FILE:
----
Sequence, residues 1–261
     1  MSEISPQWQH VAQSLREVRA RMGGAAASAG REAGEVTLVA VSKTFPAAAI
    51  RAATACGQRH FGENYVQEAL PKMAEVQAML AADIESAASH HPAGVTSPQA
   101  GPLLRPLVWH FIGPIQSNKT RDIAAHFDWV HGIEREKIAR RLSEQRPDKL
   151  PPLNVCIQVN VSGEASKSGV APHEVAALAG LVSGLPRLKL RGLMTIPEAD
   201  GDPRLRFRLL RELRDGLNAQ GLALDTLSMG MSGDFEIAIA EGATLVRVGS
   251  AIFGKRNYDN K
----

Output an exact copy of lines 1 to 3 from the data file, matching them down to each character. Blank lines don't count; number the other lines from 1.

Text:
Sequence, residues 1–261
     1  MSEISPQWQH VAQSLREVRA RMGGAAASAG REAGEVTLVA VSKTFPAAAI
    51  RAATACGQRH FGENYVQEAL PKMAEVQAML AADIESAASH HPAGVTSPQA